On Friday, January 27, HMS Healthcare Management Solutions Director of Home Care & Hospice Services Kim Skehan participated in a panel discussion The Direct Care Workforce: Meeting The Demand & Responding To The Needs of Connecticut Residents at the Legislative Office Building in Hartford. The discussion aimed to address Connecticut’s dramatically changing demographics, rapidly aging population and the state’s ongoing commitment to provide community-based services.
Skehan, who is also the facilitator of the Home Health Services Legislative Work Group, spoke about the confusion within the industry and the general public about the roles of caregivers in the community and the services they provide.
“People need to know they have choice,” said Skehan. Skehan said offering clarity on those roles empowers people to make the right decision for themselves and their loved ones, but also stressed the importance of a sufficient and well-trained workforce. It’s estimated Connecticut will need 9,000 new direct care workers over the next five years.
Dawn Lambert, Project Director for the Money Follows The Person Program (MFP) at the Department of Social Services (DSS) said Connecticut is looking at state statutes to identify those acts not in line with state values.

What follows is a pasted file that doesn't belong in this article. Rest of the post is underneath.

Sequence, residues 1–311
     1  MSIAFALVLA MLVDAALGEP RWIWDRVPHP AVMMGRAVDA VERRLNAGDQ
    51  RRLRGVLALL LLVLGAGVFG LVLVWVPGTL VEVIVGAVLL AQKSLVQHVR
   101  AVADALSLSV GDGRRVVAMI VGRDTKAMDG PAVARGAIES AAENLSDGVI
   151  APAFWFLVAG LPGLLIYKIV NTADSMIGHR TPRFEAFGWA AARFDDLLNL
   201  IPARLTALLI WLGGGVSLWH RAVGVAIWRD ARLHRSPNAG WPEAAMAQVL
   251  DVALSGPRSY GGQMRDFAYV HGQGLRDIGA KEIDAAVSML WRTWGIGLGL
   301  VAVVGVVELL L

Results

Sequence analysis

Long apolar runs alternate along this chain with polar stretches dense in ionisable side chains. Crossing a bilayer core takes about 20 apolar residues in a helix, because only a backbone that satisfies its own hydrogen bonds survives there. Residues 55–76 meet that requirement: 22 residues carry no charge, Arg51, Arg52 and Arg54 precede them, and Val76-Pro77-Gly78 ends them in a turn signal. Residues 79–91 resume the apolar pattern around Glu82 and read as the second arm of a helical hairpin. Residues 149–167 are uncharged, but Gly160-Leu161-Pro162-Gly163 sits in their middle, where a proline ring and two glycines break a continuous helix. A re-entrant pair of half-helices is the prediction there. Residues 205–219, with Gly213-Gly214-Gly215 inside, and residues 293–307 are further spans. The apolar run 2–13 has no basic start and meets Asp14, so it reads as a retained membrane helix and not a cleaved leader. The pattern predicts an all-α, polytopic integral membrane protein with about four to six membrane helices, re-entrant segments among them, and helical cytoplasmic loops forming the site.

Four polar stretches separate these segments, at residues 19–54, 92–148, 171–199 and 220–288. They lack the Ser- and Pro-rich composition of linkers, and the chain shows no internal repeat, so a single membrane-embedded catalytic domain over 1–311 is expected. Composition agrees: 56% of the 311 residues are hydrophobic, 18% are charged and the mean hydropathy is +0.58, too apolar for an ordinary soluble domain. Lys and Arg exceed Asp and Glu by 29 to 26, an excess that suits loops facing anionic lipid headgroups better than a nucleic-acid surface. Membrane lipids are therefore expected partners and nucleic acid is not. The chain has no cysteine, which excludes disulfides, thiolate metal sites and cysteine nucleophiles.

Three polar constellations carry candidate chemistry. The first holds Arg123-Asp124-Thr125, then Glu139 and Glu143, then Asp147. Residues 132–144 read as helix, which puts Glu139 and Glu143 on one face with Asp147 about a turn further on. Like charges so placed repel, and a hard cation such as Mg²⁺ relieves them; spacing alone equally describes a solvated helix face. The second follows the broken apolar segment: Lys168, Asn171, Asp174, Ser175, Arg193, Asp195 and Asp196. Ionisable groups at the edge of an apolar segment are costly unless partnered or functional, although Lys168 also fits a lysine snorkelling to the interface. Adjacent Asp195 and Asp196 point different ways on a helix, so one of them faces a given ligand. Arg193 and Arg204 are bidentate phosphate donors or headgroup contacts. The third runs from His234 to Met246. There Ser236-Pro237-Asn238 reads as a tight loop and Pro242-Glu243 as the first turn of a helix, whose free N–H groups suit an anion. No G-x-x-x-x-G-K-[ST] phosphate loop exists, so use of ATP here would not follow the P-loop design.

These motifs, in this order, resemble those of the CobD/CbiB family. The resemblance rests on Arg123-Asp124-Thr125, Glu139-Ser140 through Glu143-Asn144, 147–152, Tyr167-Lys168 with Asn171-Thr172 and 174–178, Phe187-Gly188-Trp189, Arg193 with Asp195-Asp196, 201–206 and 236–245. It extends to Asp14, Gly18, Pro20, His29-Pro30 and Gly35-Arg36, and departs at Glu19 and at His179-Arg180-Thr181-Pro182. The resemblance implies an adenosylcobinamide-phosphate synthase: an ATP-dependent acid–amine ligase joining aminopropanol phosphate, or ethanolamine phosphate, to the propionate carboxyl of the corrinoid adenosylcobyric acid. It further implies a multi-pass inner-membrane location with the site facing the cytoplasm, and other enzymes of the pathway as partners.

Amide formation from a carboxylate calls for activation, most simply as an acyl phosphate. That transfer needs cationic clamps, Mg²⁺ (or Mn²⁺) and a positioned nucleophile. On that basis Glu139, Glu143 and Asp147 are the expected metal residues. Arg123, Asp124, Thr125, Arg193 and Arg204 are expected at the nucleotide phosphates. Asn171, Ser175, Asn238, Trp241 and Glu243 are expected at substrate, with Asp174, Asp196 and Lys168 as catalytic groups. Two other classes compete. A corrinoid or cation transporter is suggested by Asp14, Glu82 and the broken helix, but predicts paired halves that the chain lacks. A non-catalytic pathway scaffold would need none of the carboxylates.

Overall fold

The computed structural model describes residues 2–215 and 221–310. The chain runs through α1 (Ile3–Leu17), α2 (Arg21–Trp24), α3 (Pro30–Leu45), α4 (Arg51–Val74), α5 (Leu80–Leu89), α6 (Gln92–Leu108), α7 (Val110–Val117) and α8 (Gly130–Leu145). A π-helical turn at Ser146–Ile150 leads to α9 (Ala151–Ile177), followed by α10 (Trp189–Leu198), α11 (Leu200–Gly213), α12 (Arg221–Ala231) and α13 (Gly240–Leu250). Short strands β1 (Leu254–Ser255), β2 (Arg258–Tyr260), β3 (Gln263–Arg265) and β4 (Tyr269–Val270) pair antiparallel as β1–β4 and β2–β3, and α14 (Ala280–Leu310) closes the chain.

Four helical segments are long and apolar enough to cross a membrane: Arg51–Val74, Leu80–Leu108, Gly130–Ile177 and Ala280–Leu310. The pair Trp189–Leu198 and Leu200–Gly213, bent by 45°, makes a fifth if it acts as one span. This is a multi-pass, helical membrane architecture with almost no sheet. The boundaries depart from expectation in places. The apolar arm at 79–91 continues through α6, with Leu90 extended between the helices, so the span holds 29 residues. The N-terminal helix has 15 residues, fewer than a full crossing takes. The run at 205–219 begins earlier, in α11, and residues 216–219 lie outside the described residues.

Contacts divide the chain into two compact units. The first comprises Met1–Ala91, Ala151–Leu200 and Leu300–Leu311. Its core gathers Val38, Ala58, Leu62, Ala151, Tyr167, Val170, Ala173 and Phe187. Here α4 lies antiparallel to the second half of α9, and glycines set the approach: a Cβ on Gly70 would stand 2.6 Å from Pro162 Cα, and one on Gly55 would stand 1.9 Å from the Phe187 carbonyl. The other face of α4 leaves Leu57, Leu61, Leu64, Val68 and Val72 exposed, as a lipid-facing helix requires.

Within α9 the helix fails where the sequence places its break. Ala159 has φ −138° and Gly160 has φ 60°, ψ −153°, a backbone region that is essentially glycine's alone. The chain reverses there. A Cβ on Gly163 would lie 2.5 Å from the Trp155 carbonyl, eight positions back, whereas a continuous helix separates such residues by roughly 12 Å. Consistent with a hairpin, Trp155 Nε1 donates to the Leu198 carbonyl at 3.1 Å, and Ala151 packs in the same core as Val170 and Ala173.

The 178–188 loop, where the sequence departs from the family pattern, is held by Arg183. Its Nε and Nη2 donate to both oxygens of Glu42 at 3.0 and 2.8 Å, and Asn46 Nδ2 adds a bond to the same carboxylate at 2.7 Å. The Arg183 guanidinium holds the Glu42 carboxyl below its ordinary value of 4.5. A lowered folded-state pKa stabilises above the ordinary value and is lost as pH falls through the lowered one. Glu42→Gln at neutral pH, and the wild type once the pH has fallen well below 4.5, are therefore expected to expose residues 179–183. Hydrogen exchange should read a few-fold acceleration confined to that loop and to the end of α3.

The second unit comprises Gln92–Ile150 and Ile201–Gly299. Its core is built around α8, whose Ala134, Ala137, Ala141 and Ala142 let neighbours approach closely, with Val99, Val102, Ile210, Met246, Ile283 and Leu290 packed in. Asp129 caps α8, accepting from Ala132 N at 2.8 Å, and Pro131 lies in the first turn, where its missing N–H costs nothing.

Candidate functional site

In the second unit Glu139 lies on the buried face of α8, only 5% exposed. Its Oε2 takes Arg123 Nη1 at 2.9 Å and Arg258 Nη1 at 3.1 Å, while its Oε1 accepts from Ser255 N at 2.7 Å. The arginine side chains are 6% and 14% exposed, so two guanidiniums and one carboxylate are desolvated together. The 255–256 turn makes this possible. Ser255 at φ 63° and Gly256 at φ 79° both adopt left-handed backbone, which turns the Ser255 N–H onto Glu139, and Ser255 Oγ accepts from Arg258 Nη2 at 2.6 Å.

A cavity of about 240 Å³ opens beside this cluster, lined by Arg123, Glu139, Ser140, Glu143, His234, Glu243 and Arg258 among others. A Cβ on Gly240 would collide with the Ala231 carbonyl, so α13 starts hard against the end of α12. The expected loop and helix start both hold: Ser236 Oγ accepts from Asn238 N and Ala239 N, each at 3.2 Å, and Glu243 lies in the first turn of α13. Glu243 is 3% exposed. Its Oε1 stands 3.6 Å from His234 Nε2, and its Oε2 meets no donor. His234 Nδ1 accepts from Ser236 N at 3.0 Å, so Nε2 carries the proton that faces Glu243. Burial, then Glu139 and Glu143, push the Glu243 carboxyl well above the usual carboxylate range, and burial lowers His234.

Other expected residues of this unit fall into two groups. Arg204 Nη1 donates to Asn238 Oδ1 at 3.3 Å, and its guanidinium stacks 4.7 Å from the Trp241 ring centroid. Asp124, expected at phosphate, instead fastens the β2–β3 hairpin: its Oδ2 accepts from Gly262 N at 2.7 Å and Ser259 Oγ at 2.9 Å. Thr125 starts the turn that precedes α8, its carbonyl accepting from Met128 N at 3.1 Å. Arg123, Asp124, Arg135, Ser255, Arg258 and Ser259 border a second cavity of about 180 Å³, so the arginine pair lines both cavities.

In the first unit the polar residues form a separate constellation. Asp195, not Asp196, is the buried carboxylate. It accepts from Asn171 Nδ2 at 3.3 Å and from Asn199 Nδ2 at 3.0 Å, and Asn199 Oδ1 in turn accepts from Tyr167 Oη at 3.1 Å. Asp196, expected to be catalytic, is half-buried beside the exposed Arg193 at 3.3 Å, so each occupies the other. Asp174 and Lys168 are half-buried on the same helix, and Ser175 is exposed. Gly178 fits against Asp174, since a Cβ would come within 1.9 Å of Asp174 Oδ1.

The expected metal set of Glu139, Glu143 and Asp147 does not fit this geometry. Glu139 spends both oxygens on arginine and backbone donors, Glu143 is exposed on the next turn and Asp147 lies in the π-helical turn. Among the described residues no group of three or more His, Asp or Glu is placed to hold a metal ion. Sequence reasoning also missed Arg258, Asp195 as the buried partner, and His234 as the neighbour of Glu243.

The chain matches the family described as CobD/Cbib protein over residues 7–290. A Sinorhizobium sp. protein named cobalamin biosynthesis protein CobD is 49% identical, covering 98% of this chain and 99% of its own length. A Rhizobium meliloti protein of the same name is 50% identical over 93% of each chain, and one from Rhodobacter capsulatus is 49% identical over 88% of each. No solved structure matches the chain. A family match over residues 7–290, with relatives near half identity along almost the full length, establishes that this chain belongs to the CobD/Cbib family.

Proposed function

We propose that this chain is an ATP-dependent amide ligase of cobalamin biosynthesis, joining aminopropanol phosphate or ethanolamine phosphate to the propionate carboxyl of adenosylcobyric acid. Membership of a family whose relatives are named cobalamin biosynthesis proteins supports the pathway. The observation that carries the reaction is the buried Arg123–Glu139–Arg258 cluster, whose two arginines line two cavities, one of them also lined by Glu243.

“We want to give people more choice, more control” said Lambert. “When we empower them, we reduce their dependency on government.”
Lambert said Connecticut’s rebalancing goals are currently at risk. MFP is intended to rebalance the long-term care system so individuals have the maximum independence and freedom of choice regarding where they live and receive services. The ultimate goal is to provide workforce initiatives to support consumer choice and quality while creating a channel for direct care workers.
“Quality choices are so important,” said Skehan. “There are challenges ahead, but working together, we can identify opportunities for change and develop a sufficient, well-trained workforce.”
The discussion lasted for approximately 90 minutes and was followed by a brief Q&A. Home Care: It’s Complicated, a press conference hosted by the Home Health Legislative Work Group (HHLWG) and Representatives Michelle Cook and Betsy Ritter immediately followed the event. Click here for a recap.
In addition to Skehan and Lambert, other panelists included Julie Gelgauda, Director of Care Management for the Agency on Aging of South Central Connecticut; Deb Migneault, Community Liaison of the Connecticut Commission on Aging; Gail Coppage, State Director of Workforce Development for Connecticut State Colleges; Sherry Ostrout, Director of Government Initiatives for Connecticut Community Care; Alice Pritchard, Executive Director for the Connecticut’s Women’s Educational & Legal Fund and Susan Raimondo, Senior Director of Advocacy & Programs and the National MS Society. Executive Director of the Connecticut Commission on Aging, Judy Evans Starr offered opening remarks and served as discussion intermediary.
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